Rubenstein: Palm's ceiling limited without HP

Former Palm CEO Jon Rubenstein is proud of what they accomplished at Palm, but the company faced far too uphill a battle to make it as a solo act.

HP's Jon Rubenstein flashes good-natured exasperation at a question from All Things D's Kara Swisher at the Dive Into Mobile conference.
HP's Jon Rubenstein flashes good-natured exasperation at a question from All Things D's Kara Swisher at the Dive Into Mobile conference. Tom Krazit/CNET

SAN FRANCISCO--Former Palm CEO and current Hewlett-Packard employee Jon Rubenstein is proud of the product his former company created but said there was no way Palm could turn it into a smash hit.

WebOS, the mobile operating system that along with the Pre revived interest in Palm over the last few years, is actually the most forward-thinking mobile OS on the market, Rubenstein said today here at the D: Dive Into Mobile conference, dismissing comments made yesterday by Google's Andy Rubin that Palm belonged in the "old" category of mobile players. While's true that the old Palm OS was ancient and undernourished, Palm's decision to base WebOS on a clean slate of Web technologies actually means it has less legacy code than competitors such as iOS and Android, which at their core owe much to Unix and Java, he said.

"We took a real leap forward in doing what we did," Rubenstein said. "It's very similar to what the Chrome guys are doing at Google right now," he said, going so far as to call Rubin's Android "more backward-looking" than WebOS.

Still, for all that work, Palm wasn't going to be able to produce a mass-market hit on its own, Rubenstein said. That's partly because Palm reentered a fast-moving market a little too late and partly because its competitors include some of the biggest technology companies on the planet.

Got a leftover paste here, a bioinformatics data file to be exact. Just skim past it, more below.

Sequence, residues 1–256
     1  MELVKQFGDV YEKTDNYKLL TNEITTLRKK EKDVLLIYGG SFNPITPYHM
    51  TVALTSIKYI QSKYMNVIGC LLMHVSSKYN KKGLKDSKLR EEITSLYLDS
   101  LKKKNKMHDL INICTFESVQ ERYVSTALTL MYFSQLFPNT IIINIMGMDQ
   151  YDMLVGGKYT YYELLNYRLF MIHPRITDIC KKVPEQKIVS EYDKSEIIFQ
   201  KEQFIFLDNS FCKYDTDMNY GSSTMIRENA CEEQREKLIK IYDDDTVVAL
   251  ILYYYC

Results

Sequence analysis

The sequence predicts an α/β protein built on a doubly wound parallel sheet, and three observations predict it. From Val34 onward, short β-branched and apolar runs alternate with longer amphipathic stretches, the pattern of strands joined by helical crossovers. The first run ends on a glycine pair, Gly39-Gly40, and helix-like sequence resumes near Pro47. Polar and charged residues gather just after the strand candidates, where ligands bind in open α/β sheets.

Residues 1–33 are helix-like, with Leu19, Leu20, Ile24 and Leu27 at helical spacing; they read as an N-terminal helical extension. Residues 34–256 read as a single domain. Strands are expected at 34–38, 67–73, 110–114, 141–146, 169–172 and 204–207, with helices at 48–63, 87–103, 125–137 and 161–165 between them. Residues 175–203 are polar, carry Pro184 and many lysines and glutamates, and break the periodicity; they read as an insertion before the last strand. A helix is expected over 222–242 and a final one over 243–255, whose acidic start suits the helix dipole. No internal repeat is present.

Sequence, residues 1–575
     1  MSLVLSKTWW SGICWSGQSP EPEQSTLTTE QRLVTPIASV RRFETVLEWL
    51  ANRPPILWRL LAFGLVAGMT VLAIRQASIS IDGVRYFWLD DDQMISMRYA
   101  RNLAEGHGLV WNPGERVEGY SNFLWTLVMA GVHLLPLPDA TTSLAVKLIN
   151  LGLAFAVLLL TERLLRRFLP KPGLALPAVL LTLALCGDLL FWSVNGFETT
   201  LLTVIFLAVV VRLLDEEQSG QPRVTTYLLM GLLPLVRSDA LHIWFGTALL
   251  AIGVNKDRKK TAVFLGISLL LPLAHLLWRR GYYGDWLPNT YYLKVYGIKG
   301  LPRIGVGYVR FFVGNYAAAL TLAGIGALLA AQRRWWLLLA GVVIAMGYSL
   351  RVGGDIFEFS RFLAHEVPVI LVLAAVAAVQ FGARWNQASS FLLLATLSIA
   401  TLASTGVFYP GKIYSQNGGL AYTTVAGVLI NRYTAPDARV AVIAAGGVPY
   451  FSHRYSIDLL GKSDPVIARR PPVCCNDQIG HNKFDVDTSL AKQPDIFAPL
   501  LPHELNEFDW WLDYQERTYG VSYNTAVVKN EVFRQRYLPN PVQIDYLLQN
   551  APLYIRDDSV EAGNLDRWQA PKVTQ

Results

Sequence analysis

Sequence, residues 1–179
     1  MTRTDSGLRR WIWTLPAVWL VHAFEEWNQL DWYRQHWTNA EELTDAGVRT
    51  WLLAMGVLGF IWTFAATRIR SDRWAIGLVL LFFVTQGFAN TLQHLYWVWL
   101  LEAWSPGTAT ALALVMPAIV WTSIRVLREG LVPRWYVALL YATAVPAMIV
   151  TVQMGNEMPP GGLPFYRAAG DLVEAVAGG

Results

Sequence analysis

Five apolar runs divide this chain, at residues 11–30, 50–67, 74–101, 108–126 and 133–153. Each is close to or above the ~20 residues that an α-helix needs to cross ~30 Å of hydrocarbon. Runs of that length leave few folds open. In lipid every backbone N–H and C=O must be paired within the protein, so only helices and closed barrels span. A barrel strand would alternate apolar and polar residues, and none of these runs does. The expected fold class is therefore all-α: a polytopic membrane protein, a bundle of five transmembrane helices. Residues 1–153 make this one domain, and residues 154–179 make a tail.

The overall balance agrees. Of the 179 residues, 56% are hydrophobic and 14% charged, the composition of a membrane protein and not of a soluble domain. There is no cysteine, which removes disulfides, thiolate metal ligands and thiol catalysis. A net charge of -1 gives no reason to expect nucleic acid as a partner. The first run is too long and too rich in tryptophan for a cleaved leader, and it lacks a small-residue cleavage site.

Enter HP. Rubenstein resisted All Things D's Kara Swisher's repeated questions about the identity of Palm suitors but said "six companies were very interested in Palm." HP won the competition because "it made the most sense" to join up with HP, both because of its size and because it needed a mobile strategy badly, he said.

HP plans to bring out several products next year based on WebOS, including phones and tablets, Rubenstein said. Interestingly, he suggested that the Palm brand may not get carried over to the new products.

"HP needs to build a brand around what it's going to do going forward," Rubenstein said. He seemed personally ambivalent about the decision, seeing good things and bad things in the Palm brand.

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